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Pub Date 03 May 2022 | Archive Date 31 May 2022
Lerner Publishing Group, Graphic Universe ™

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Andrea, a young Indigenous Colombian woman, has returned to the land she calls home. Only nineteen years old, she comes to mourn her lost child, carrying a box in her arms. And she comes with another mission. Andrea has hidden a camera upon herself. If she can capture evidence of the illegal mining that displaced her family, it will mark the first step toward reclaiming their land. This socially conscious thriller from graphic novelist Canizales examines the injustices of his home country in a stark, distinctive style.

Andrea, a young Indigenous Colombian woman, has returned to the land she calls home. Only nineteen years old, she comes to mourn her lost child, carrying a box in her arms. And she comes with another...

A Note From the Publisher

Title also available as library bound for $29.32 (ISBN 9781728401706).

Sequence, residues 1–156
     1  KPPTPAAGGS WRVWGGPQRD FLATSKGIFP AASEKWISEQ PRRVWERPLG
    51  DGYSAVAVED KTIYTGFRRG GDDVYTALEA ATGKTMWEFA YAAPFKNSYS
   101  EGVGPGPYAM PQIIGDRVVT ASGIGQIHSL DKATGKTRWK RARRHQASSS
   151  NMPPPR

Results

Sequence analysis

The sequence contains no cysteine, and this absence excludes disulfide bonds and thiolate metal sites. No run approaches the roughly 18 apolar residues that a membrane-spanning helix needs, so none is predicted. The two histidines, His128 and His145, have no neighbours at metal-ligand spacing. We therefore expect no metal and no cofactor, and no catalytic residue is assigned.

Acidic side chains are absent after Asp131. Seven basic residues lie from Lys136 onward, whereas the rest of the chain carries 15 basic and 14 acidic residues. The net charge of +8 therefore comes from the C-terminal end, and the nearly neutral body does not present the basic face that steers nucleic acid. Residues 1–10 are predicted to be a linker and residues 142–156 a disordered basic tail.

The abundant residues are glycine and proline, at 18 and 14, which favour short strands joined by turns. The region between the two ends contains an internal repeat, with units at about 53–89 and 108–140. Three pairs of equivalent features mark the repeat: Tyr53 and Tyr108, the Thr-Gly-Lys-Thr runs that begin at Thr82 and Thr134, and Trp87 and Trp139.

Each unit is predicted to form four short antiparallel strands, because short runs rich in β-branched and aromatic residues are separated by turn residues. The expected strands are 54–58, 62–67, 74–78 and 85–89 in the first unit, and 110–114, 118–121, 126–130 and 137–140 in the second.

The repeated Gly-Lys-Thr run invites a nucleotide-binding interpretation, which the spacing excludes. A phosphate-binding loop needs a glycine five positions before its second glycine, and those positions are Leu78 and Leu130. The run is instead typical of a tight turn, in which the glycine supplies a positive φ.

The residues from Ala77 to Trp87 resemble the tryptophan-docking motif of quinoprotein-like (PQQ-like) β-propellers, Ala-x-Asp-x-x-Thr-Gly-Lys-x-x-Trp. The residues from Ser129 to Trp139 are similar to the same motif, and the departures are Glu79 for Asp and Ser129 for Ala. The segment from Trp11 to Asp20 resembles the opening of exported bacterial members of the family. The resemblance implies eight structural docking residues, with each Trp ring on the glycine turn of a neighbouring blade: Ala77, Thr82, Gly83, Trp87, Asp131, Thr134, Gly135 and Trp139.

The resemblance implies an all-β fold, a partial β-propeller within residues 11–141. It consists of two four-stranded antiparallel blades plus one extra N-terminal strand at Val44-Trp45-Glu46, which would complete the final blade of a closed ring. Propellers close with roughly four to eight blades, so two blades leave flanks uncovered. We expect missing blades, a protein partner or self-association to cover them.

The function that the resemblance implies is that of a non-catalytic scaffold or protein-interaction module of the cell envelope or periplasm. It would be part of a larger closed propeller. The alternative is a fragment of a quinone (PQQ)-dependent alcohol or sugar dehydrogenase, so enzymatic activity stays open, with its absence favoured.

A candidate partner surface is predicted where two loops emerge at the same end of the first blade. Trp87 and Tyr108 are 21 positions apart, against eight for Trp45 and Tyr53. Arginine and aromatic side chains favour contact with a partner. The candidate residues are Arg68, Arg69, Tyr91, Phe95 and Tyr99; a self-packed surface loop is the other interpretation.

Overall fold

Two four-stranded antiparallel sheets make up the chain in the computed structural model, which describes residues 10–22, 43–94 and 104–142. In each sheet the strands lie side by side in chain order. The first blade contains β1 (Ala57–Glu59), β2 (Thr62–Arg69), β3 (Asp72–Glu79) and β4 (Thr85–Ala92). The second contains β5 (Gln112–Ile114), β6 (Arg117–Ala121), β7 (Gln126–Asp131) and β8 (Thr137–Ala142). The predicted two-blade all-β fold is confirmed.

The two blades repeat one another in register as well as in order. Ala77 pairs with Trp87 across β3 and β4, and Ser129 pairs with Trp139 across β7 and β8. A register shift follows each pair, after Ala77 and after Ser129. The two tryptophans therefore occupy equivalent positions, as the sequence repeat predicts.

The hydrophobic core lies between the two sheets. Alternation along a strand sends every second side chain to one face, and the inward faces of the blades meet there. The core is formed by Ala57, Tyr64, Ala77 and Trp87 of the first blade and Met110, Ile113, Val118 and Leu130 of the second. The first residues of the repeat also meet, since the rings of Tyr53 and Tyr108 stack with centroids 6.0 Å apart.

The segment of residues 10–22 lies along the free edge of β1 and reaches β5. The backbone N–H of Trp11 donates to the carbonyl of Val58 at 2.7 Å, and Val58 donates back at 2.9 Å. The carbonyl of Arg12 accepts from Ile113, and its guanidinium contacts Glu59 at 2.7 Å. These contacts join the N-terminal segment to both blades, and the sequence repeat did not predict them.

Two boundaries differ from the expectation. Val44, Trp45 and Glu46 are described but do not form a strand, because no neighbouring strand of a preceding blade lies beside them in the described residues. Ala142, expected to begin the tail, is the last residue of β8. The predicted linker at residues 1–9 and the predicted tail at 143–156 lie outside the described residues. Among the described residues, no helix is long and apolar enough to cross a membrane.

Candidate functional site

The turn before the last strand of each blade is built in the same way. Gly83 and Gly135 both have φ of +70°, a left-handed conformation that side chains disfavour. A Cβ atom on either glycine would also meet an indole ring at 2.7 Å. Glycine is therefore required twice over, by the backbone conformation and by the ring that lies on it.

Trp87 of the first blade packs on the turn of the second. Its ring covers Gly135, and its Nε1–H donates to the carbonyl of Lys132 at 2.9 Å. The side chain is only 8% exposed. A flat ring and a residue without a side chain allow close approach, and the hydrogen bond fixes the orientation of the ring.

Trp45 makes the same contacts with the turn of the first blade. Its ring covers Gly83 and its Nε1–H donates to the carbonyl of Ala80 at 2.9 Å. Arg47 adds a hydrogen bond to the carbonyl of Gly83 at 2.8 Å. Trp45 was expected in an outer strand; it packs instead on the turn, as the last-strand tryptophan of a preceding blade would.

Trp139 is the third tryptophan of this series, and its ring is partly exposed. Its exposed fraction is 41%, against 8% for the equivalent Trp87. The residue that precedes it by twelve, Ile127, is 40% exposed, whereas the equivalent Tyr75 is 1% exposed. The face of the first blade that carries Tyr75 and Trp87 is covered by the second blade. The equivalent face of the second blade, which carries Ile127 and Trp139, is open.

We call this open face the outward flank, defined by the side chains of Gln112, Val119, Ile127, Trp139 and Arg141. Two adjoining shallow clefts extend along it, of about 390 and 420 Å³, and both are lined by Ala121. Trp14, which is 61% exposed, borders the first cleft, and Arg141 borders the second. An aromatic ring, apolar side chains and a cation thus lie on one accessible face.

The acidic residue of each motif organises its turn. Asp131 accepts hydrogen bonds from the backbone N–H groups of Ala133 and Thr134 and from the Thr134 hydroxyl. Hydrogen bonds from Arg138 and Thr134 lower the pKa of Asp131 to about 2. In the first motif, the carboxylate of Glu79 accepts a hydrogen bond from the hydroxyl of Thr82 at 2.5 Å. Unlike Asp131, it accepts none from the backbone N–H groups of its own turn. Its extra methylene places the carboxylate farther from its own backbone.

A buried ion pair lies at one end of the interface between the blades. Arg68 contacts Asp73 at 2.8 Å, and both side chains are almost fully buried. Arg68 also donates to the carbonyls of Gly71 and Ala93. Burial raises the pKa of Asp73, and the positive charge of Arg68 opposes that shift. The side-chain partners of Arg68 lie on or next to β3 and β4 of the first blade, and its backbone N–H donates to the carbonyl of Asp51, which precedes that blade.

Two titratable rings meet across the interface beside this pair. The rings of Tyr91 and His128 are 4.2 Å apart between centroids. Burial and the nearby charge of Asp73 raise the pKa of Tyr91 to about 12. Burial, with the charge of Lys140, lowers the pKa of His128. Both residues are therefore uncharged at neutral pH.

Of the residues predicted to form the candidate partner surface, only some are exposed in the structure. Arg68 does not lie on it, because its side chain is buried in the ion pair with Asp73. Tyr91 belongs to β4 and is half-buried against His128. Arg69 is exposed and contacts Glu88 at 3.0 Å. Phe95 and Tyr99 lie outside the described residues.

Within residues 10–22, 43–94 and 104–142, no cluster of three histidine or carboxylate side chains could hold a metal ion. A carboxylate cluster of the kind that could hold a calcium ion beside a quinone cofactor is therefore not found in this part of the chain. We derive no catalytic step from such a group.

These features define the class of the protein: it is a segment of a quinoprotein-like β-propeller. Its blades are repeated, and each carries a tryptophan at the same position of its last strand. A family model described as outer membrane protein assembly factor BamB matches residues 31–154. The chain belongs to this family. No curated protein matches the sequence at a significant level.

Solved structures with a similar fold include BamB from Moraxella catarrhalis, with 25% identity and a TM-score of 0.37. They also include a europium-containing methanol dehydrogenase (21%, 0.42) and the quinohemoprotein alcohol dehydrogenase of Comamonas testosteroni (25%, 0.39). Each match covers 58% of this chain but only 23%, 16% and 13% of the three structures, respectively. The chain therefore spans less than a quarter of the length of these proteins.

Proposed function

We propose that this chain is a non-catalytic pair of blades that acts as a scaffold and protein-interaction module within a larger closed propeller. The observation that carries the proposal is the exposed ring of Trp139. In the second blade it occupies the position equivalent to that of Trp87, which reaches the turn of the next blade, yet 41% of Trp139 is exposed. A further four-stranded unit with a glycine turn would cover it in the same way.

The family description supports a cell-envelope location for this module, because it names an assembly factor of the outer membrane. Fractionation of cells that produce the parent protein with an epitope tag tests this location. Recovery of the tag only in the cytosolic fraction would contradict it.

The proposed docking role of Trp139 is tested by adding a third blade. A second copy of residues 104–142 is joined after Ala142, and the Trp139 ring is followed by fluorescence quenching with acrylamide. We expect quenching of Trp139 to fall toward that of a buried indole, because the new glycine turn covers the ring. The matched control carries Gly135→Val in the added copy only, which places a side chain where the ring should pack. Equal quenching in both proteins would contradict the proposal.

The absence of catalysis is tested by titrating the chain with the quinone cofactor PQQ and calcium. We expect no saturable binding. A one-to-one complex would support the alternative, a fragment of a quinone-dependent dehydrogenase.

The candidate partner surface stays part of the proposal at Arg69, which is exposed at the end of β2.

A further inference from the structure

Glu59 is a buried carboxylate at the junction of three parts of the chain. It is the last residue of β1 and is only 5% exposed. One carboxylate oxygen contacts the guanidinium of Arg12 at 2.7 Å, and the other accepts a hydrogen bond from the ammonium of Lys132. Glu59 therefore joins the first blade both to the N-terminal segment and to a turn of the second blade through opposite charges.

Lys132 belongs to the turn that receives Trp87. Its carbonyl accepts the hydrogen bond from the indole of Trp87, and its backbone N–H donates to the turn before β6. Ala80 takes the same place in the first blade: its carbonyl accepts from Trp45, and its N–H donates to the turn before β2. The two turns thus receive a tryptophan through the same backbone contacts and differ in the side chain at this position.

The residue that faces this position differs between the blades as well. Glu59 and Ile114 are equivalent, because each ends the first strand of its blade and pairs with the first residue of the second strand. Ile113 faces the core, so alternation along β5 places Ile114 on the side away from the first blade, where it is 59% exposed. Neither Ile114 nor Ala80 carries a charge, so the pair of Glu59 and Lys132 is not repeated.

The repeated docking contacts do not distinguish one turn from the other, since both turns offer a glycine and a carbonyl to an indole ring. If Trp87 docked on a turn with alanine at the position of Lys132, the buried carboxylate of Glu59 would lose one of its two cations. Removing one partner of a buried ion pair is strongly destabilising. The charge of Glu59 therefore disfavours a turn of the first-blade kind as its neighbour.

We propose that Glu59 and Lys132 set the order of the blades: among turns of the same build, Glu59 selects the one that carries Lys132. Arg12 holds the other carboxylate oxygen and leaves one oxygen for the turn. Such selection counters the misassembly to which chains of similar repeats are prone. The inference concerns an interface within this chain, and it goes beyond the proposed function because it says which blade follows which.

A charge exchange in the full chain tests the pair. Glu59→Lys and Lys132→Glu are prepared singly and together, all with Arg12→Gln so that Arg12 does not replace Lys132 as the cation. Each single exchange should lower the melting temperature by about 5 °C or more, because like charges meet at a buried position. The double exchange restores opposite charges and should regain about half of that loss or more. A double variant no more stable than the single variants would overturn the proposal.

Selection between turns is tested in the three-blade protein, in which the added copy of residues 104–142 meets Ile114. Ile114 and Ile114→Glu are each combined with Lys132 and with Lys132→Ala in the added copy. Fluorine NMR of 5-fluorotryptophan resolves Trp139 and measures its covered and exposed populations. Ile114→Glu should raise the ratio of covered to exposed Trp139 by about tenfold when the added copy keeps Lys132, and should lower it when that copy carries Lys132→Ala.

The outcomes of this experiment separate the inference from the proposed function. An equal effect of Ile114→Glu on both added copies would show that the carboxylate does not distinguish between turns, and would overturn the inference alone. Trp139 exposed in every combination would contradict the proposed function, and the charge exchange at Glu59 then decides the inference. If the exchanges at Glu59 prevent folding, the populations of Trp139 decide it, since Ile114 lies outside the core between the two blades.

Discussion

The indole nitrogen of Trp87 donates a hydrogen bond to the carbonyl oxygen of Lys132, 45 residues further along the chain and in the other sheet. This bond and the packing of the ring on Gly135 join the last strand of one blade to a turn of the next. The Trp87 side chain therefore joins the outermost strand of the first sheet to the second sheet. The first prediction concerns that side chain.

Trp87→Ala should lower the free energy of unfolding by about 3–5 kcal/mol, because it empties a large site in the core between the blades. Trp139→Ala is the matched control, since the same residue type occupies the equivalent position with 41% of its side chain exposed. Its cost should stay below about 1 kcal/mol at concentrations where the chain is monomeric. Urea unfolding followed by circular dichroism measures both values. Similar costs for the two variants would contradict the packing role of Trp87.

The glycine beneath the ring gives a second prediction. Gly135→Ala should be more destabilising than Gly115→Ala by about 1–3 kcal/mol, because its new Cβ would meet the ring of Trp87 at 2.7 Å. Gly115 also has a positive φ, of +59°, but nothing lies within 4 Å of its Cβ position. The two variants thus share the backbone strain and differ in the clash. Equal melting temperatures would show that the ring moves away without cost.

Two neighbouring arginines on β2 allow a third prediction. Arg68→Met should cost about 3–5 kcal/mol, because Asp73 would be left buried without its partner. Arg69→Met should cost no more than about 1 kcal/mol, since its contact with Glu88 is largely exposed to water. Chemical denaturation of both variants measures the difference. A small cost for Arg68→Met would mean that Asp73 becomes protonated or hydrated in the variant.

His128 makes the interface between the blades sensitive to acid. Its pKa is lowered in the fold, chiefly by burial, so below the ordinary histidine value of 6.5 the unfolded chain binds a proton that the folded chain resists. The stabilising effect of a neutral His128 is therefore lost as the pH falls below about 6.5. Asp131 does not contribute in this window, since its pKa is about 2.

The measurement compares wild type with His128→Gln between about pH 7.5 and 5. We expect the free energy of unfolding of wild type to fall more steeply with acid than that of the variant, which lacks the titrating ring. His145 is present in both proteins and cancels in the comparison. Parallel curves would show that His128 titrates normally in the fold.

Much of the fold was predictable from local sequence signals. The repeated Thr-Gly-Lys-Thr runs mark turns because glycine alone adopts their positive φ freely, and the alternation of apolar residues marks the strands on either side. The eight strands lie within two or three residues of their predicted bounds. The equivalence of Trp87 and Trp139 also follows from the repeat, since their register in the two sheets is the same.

Title also available as library bound for $29.32 (ISBN 9781728401706).

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ISBN 9781728448671
PRICE $12.99 (USD)

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Average rating from 77 members

Featured Reviews

A raw story of the destruction of the rain forest and the displacement of so many people whose lives are intertwined with every root in that soil. This being a current occurrence of the today's world, it resonated a different way when I was reading.

The protagonist returns to bury her infant back in the ancestral ground and also to gather information to aid her and her people in getting back what is rightfully theirs. I would definitely recommend reading this.